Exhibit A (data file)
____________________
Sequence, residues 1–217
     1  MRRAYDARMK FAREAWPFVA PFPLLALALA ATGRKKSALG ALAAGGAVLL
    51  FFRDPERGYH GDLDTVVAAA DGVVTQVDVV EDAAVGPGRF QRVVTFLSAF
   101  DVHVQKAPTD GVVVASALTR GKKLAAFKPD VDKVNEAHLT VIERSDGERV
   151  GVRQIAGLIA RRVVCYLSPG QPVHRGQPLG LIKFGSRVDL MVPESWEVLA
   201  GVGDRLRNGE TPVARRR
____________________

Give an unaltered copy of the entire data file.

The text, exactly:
Sequence, residues 1–217
     1  MRRAYDARMK FAREAWPFVA PFPLLALALA ATGRKKSALG ALAAGGAVLL
    51  FFRDPERGYH GDLDTVVAAA DGVVTQVDVV EDAAVGPGRF QRVVTFLSAF
   101  DVHVQKAPTD GVVVASALTR GKKLAAFKPD VDKVNEAHLT VIERSDGERV
   151  GVRQIAGLIA RRVVCYLSPG QPVHRGQPLG LIKFGSRVDL MVPESWEVLA
   201  GVGDRLRNGE TPVARRR